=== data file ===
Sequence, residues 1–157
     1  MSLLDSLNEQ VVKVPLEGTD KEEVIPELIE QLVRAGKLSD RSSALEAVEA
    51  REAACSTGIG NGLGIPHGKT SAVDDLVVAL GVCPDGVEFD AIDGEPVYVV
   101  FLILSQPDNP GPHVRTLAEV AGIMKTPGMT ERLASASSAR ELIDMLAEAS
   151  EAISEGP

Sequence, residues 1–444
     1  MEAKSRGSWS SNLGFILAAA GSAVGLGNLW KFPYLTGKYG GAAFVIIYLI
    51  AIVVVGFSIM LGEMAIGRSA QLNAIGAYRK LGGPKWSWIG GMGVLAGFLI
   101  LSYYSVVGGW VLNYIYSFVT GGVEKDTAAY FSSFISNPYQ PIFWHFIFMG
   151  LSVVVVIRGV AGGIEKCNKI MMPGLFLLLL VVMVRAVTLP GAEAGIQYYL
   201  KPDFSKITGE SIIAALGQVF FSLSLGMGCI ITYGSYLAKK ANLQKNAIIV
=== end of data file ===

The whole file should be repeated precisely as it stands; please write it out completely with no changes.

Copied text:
Sequence, residues 1–157
     1  MSLLDSLNEQ VVKVPLEGTD KEEVIPELIE QLVRAGKLSD RSSALEAVEA
    51  REAACSTGIG NGLGIPHGKT SAVDDLVVAL GVCPDGVEFD AIDGEPVYVV
   101  FLILSQPDNP GPHVRTLAEV AGIMKTPGMT ERLASASSAR ELIDMLAEAS
   151  EAISEGP

Sequence, residues 1–444
     1  MEAKSRGSWS SNLGFILAAA GSAVGLGNLW KFPYLTGKYG GAAFVIIYLI
    51  AIVVVGFSIM LGEMAIGRSA QLNAIGAYRK LGGPKWSWIG GMGVLAGFLI
   101  LSYYSVVGGW VLNYIYSFVT GGVEKDTAAY FSSFISNPYQ PIFWHFIFMG
   151  LSVVVVIRGV AGGIEKCNKI MMPGLFLLLL VVMVRAVTLP GAEAGIQYYL
   201  KPDFSKITGE SIIAALGQVF FSLSLGMGCI ITYGSYLAKK ANLQKNAIIV